If you live in Australia, have you ever questioned why this country is so wealthy and fortunate. It seems so natural that Australia is a developed country, even though this is a fairly uncommon status among the countries of the world. Only 20% of the world’s population live in developed countries as of 2016 (Source). For a country that is mostly desert, with a declining manufacturing sector, and almost unmatched high wages, how is it so prosperous? Then, with each reason for this, will this continue into the future?
1. Mineral Exports
The number one reason for Australia’s wealth is that, across its vast, mostly uninhabited landscape it is gifted with large amounts of mineral deposits. Australia is the world’s leading producer of iron ore, the second largest producer of lead, zinc and gold, the third largest of uranium, the forth largest of black coal, nickel and silver and the list goes on (Source). Mineral exports are the main reason why Australia’s trade balance is usually in surplus, with 2017’s being $3.1 billion despite a growth in imports.
It’s thanks to the government’s taxes on these mining companies that the revenues from Australia’s minerals get distributed to the Australian people’s in the form of government services and welfare. The actual percentage of the Australian population working in the mining sector is very low (1.6% in 2010) due to the high amount of automation used by these mining companies. However, those who do work in this sector generally enjoy high ($100k+) wages.
Future trends: There has been much speculation surrounding Australia’s ‘mining boom’ (2003–2016), particularly when it ended and whether there will be a ‘mining bust’ afterwards. The general (general general general) consensus is that it officially ended in 2016. Now, the boom is over but mining exports and commodity prices have still maintained a high level. The bust that was expected by some never came, so we can be fairly confident of Australia’s mining future.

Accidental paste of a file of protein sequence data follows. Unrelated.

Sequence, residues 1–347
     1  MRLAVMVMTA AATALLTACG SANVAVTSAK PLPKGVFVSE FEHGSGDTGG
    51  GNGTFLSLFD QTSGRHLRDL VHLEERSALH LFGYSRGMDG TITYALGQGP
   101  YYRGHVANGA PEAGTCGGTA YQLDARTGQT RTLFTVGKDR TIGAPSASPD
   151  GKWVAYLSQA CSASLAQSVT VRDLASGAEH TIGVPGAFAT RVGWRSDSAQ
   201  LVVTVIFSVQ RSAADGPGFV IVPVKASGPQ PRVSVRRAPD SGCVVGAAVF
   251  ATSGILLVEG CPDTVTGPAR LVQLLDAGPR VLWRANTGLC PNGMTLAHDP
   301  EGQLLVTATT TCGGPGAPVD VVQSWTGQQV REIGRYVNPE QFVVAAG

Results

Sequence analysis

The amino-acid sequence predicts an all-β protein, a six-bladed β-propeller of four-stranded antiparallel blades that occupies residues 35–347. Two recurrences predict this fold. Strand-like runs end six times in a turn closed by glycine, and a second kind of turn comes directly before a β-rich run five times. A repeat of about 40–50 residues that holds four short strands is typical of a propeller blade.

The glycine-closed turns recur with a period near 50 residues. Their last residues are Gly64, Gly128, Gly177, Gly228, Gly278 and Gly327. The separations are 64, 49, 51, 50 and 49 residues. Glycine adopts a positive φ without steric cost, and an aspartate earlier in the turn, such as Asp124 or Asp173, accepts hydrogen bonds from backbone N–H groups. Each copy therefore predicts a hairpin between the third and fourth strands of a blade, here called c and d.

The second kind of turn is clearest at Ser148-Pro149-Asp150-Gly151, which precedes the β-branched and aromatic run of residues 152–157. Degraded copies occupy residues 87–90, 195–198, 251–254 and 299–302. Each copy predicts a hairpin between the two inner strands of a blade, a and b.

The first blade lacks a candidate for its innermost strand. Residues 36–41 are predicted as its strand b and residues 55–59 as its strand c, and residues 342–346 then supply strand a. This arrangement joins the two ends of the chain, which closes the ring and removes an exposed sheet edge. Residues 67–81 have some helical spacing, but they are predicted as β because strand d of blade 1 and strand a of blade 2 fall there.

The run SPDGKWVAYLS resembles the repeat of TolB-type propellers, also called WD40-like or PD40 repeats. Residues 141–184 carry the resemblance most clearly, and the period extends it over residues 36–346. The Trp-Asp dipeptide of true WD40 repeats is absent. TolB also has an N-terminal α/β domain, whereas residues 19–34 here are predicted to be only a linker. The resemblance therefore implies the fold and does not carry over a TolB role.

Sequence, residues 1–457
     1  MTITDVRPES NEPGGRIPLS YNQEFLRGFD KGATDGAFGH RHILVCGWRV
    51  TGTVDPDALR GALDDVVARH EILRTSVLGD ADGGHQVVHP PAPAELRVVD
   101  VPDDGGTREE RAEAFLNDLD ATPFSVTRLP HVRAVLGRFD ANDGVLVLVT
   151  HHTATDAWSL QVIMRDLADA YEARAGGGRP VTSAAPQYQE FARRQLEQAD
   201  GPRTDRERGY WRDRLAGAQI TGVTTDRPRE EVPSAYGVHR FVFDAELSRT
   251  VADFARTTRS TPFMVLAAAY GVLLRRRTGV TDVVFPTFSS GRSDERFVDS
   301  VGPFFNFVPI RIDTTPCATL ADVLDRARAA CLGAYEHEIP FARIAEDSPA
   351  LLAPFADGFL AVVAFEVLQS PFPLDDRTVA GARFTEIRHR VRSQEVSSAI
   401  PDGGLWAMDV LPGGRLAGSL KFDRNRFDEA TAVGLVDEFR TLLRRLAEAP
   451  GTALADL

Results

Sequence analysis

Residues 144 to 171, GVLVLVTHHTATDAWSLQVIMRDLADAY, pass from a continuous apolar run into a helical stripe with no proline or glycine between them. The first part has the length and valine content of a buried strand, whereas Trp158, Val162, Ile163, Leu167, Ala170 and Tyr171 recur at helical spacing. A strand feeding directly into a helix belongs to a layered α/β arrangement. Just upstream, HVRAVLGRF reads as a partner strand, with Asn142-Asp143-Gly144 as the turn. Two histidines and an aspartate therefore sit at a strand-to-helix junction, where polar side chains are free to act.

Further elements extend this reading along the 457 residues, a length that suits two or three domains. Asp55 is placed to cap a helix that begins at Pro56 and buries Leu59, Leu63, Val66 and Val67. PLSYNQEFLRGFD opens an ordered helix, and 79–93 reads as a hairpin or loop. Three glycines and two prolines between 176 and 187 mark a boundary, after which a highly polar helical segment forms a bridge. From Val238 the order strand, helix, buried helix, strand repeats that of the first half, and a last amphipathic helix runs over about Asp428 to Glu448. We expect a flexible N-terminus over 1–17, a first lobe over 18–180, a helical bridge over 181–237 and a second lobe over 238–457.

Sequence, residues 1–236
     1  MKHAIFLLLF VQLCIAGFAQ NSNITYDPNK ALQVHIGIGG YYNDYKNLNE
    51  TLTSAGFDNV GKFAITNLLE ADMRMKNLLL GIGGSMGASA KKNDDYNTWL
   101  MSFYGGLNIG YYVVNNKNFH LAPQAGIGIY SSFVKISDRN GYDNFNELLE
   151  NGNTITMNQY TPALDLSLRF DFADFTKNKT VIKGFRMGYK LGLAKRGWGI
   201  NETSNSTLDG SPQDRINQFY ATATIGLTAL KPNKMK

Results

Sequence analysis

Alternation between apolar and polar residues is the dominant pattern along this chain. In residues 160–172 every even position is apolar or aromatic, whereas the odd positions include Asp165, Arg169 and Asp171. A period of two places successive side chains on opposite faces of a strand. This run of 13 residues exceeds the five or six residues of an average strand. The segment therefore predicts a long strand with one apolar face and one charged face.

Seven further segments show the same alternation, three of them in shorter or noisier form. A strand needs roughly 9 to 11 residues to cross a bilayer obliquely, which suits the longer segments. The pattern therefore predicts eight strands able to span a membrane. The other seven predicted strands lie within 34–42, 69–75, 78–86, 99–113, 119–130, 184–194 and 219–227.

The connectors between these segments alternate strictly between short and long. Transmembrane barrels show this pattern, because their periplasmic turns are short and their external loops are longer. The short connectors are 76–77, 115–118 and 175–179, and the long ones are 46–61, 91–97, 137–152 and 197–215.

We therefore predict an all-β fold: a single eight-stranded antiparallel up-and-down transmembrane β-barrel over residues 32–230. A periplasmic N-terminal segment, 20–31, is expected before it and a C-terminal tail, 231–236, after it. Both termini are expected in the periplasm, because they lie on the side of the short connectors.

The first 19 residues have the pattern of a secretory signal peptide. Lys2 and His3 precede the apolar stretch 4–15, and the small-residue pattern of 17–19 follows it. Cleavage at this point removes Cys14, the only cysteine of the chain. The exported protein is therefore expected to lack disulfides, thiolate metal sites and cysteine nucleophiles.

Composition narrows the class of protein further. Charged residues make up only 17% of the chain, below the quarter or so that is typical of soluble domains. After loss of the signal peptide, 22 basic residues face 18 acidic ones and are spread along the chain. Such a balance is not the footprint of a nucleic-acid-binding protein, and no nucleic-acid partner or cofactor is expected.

2. Food Exports
Another benefit of Australia’s vast landmass is that it has the space to produce large quantities of food. Australia is one of the world’s largest food exporters and most of its food consumption is of local food products.
Australian meat is world renown, especially in Asia where it fetches high prices. Australian beef and lamb are particularly lucrative exports.
Australia also produces large amounts of grains, including rice and wheat and exports them. Asia imports a lot of Australian rice particularly.
Future trends: If there’s one industry that you can count on, it’s food, particular basic foods like grain and meat. People aren’t going to stop eating and the populations of the world aren’t going to stop increasing. Global food prices aren’t always on the upward trend that you would expect however, and this is because of improvements in agricultural methods (Source). However, this is the kind of price decrease that is caused by increases in efficiency, so producers don’t lose out (because they are just producing more at a lower price, hence getting approximately the same revenue).
Australia runs one of the largest-scale international marketing campaigns to promote its tourism and it definitely pays off. Tourism represented 3% of the country’s GDP in 2014/15, which is 47.5AUD (Source).
Future trends: Tourism is also looking strong in Australia’s future, with growth rates at 10% per annum. This is the kind of growth rate that classifies us as being in a tourism boom right now. Tourism is very sensitive to global financial conditions however, because it is a luxury that people need to be able to afford, so if a global financial crisis does happen, then tourism will drop and need time to recover again. Nevertheless, the long term forecast is positive.
4. Highly Skilled, High Tech Sectors
Finally, as a country with a strong education system, we have healthy highly skilled and high tech sectors. These include medical technology (e.g. prosthetics, bionic ears) and robotics. (This seems to be the way of the future for Australian employment because of the forces of outsourced labour and automation that are occurring now and into the future.)
Future trends: These sectors seem promising even though it is my opinion that the government should be doing a lot more to foster them. Kindling a technology sector requires Silicon Valley-type government assistance to get it going. We should be spending a lot more on R&D and on a Silicon Valley-type area. If so, this would be a bright future for Australia because right now, most people are benefiting from Australia’s wealth from the above factors, but not actually playing a part in it in their work.